Fourth-season rifle hunters didn't have any better luck with the weather than in previous seasons. Warm and dry conditions continued to hamper hunter success and wildlife officials are estimating that the total 2001 elk harvest could be one of the lowest in 10 years.
Due to the low harvest, the Division is considering increasing the number of antlerless elk licenses available in 2002.
Last year, hunters took 60,120 elk. This year, the harvest is expected to drop to about 40,000 animals. "Given the numbers, there is a good chance we will increase elk licenses for 2002," said John Ellenberger, big game coordinator for the Division.
One option under consideration by the Division is to make all antlerless elk licenses additional licenses. Hunters with additional licenses are able to harvest up to two animals per year instead of one. Currently, additional antlerless elk licenses are restricted to certain hunting units.
The availability of deer licenses is not expected to change much in 2002, as buck and doe harvest rates were only slightly below average this year.
Final license-change recommendations will be presented to the Wildlife Commission this spring after Division biologists complete game surveys in December and January.
Although the 2001 hunting season started on a promising note, unfavorable weather has not let up and pressure has remained light.
"The first season started off pretty good for harvesting elk," Ellenberger said. "Initial success was almost as good as last year, but during second through fourth seasons, everything went downhill."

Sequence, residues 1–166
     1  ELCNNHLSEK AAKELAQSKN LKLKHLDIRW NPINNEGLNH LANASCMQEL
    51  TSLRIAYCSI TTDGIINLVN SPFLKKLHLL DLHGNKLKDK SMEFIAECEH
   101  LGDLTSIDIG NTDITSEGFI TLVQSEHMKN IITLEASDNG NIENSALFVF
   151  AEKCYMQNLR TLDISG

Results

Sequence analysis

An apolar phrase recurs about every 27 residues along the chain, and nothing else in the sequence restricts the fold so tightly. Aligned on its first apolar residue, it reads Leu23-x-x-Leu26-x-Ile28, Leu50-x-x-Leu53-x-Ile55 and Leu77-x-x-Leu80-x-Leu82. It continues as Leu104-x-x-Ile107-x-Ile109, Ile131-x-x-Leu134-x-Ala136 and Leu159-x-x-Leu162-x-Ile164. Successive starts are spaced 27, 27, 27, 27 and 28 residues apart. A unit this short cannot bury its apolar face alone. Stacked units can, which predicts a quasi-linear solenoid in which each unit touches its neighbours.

Hunters had hoped weather would improve during the fourth and final rifle season, which ended Nov. 14. But persistent warm and dry conditions scattered game into thick cover in high elevations, making it difficult for hunters to locate animals.
With no snow to assist in tracking or to cover vegetation and force movement, elk in particular proved very difficult to find, say wildlife managers.
There were also fewer hunters tracking them down. Hunting pressure was significantly down from last year, especially for nonresidents.
Many factors contributed to the drop in hunter participation, according to Ellenberger. "We didn't get the weather - it was too warm and dry," he said. "And the events that took place in New York City put a damper on the hunting scene. People were more concerned with what was going on with the country and the economy."
To lure nonresidents back in 2002, the Division is also considering lowering out-of-state license fees for antlerless elk to about $250 - the fee charged before the increase this year to $450.
Final 2002 license fees will be discussed during a Wildlife Commission meeting in January.